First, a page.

Quick: When was the last time Hillary Clinton had a "good" week? I don't remember either.
The last big media stories about Clinton have been:
1.) She runs a shady foundation that burns a lot of money and doesn't do much real-world good.
2.) She had exchanges that looked like pay-for-play while acting as secretary of state.
3.) Because of these problems, she's been ducking the media like crazy.
4.) And don't forget there's that private email server that she shouldn't have been running that would have totally exonerated her about everything if she hadn't nuked it.
As Jack Reacher would say, not good.
And yet, in the face of what has been three solid months of bad news, Clinton's poll numbers aren't bad. Not bad at all.
Among Iowa Democrats, for instance, she's in basically the same place she was in late February: 60 percent support today compared to 61 percent back then. Nationally, things aren't quite as good. A New York Times poll last week showed her favorability numbers holding reasonably steady_35 favorable/36 unfavorable, compared to 37/26 in March.
What interests me most is what's going on underneath the top-line numbers. An NBC/Wall Street Journal poll asked respondents several questions about Clinton's character. The number most people paid attention to was "honest and straightforward"-where only 25 percent of respondents said they believed she was honest (versus 50 percent who said she wasn't).
That sounds pretty grim and Nixonian. But here's the thing: A couple questions before that, people were asked if Clinton was "effective" at "getting things done"-here the split was 44-34 in her favor. Is she "easygoing and likable"? People said yes by a margin of 41-37. The craziest response: Does she "have high moral standards that set the proper moral tone for the country?" Forty-three percent say yes versus only 39 percent who say no.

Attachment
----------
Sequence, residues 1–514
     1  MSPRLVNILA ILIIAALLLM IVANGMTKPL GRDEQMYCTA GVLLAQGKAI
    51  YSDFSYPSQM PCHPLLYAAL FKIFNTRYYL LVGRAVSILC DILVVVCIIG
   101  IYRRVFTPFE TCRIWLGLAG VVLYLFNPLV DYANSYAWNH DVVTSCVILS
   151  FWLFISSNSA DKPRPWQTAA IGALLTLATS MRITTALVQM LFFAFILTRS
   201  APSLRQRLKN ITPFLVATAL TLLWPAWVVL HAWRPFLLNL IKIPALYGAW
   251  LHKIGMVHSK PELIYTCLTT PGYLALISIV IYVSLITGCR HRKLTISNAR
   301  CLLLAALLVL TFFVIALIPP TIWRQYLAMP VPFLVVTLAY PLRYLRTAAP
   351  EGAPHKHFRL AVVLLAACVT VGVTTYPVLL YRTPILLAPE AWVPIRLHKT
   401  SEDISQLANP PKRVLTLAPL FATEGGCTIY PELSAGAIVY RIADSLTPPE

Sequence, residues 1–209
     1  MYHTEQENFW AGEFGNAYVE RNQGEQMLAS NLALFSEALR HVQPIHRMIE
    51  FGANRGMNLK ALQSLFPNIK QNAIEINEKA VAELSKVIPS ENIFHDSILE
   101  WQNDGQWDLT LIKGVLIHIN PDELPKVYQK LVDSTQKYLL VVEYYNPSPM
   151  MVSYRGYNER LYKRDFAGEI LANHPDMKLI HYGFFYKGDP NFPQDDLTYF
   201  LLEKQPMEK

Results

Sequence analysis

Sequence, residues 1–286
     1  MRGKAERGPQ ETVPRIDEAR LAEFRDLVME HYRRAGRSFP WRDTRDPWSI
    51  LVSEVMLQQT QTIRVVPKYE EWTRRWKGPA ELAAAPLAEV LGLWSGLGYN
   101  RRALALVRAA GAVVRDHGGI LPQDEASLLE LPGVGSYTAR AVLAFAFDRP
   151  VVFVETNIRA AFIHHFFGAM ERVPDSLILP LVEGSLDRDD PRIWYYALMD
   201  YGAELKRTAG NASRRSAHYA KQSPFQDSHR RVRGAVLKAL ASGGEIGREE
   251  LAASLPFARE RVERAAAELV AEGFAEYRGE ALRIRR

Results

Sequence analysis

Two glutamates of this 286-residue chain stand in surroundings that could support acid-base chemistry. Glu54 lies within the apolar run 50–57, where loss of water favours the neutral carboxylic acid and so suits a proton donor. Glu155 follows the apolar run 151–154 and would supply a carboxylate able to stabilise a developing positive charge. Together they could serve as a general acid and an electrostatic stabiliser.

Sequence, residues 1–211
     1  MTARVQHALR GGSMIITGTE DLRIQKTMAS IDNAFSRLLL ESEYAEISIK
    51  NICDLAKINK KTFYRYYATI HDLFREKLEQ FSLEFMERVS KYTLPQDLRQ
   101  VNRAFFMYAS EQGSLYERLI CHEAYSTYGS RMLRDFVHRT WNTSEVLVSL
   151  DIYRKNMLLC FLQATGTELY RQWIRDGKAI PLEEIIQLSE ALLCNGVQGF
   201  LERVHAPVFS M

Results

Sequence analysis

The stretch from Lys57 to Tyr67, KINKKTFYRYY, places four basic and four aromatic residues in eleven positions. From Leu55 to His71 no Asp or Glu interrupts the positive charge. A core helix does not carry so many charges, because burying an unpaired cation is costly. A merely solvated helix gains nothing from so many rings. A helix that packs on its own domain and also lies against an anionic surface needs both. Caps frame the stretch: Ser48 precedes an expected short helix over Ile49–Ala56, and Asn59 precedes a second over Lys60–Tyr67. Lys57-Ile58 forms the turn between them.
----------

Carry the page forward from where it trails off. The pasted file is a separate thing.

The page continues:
Think about that for a minute. By a margin of -25 points, people say they don't trust Hillary Clinton, but by a margin of +4 points they say she has "high moral standards."
There are only two possible conclusions from this: Either (1) Voters are idiots. Or (2) As a political commodity, Hillary Clinton's appeal is based on something other than trustworthiness.
Whichever the case, the big lesson from the last few months is that it will be very difficult for a Republican to beat Hillary Clinton by getting voters to turn against her. The Clinton cake is so thoroughly baked that there's no new evidence that's going to make people decide that suddenly, after 20 years, the scales have fallen from their eyes and they realize she's something other than what they think she is.
Instead, the Republican nominee is going to have to make a positive case for something better. It won't be enough to try to disqualify Clinton. He or she is going to have to offer a more attractive alternative vision.
(And whatever you do, don't think too hard about the fact that one out of every four Americans still thinks Clinton is "honest" and "straightforward." It's just too depressing.)
This is an excerpt from Jonathan V. Last's free weekly newsletter. Sign up for it here.